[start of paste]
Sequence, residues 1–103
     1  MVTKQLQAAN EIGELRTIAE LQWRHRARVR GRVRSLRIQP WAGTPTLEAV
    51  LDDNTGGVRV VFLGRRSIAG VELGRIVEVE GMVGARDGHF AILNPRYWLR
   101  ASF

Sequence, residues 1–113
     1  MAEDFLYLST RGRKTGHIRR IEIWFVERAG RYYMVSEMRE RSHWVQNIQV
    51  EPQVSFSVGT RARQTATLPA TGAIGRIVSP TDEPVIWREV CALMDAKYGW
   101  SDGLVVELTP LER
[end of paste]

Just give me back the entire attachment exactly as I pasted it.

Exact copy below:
Sequence, residues 1–103
     1  MVTKQLQAAN EIGELRTIAE LQWRHRARVR GRVRSLRIQP WAGTPTLEAV
    51  LDDNTGGVRV VFLGRRSIAG VELGRIVEVE GMVGARDGHF AILNPRYWLR
   101  ASF

Sequence, residues 1–113
     1  MAEDFLYLST RGRKTGHIRR IEIWFVERAG RYYMVSEMRE RSHWVQNIQV
    51  EPQVSFSVGT RARQTATLPA TGAIGRIVSP TDEPVIWREV CALMDAKYGW
   101  SDGLVVELTP LER